Halliburton, Dick Cheney & War Profiteering

Halliburton, Dick Cheney & War Profiteering

I’ve previously reported on the connection between Vice President Dick Halliburton Cheney and the Texas based Halliburton Company: Vice President Richard Cheney – Unrestrained Arrogance 1/31/07. They are joined at the hip with the result taxpayers have been robbed by this corporate giant. It is a classic "military industrial complex" illustration of what is wrong with unregulated revolving door relationships between big business and government. Cheney is the former CEO of Halliburton whose world wide business activities involve a number of subsidiaries. Its business connection to this administration activities has involved billions of taxpayer dollars. Cheney served as CEO from 1995 to 2000. After leaving the company and while serving as Vice President he is still being paid some one million dollars a year in deferred compensation. Under CEO Cheney the company did some $73 million in sales with Saddam & Iraq. Not only that, under CEO Cheney the number of Halliburton subsidiaries doing business out of off shore tax havens increased from nine to forty four resulting in Halliburton going from a $300 million dollar tax payment to a $85 million dollar tax refund.

As Secretary of Defense under George W. Bush’s father, he saw that Halliburton had favorable treatment in taxpayer paid contracts. Then after he left government, he became CEO and the company suddenly went from 73rd to 18th on the Pentagon’s list of favored contractors. It became involved in some $3.8 Billion dollars in taxpayer paid government dealings. After being elected Vice President Cheney_2the company continued to be favored in government contracts without concern to conflicts of interest from the revolving door roles of Mr. Cheney as CEO and then Vice President.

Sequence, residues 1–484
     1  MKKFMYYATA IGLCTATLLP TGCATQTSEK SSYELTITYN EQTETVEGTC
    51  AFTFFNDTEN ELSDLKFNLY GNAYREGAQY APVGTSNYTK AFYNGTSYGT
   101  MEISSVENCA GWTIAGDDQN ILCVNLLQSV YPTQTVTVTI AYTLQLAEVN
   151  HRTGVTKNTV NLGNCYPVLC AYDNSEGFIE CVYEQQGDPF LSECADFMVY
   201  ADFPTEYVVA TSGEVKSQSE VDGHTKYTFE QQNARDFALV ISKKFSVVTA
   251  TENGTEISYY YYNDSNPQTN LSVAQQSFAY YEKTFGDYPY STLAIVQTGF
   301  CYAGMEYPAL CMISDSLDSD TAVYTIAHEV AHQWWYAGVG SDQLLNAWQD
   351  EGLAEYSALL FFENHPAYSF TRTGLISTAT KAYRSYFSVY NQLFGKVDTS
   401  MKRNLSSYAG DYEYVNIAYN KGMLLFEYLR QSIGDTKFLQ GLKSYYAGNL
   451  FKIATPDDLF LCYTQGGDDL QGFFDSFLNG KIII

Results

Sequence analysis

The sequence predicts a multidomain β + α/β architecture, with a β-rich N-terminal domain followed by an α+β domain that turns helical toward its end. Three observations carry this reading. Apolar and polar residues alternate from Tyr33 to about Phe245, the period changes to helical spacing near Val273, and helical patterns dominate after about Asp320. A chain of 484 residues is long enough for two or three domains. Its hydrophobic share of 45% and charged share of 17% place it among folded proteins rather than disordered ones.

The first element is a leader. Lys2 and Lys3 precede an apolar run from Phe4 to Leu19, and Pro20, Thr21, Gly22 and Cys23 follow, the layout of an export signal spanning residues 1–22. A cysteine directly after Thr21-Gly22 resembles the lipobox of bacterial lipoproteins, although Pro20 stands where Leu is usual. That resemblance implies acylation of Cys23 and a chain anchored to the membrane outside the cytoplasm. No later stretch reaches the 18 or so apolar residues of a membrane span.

The company has had a history of overcharging the government without losing it’s ability to continue to do government work. The SEC has been investigating whether the company artificially inflated revenue by $234 million dollars over four years of government work. In 2005 Halliburton was accused of a one billion dollar overcharge involving its contracts in Iraq. A whistle blower said in a Congressional committee hearing that "I can unequivocally state the abuse related to contracts awarded…represents the most blatant and improper contract abuse I have witnessed during the course of my professional career." The Associated Press now reports that $10 billion dollars has been squandered by the U.S. Government in Iraq reconstruction because of fraud and overcharging. Of this amount $2.7 billion involved Halliburton. But, there is still another $300 billion in contracts which government auditors have yet to review involving Iraq contracts. Rep Henry Waxman (D-CA) said "It’s no wonder that taxpayers all across the country are fed up and demanding that we bring real oversight to the ‘anything goes’ world of Iraq reconstruction." This administration and the Republican Congress have allowed an "anything goes" relationship with big business to continue in spite of the spiraling costs of Iraq, an increasing federal debt and a free hand for corporate giants to do what they want. It’s no coincidence that Halliburton has been so favored by government contracts without auditor oversight while Mr. Cheney serves as Vice President. It’s time for Congress to put a stop to this abuse.

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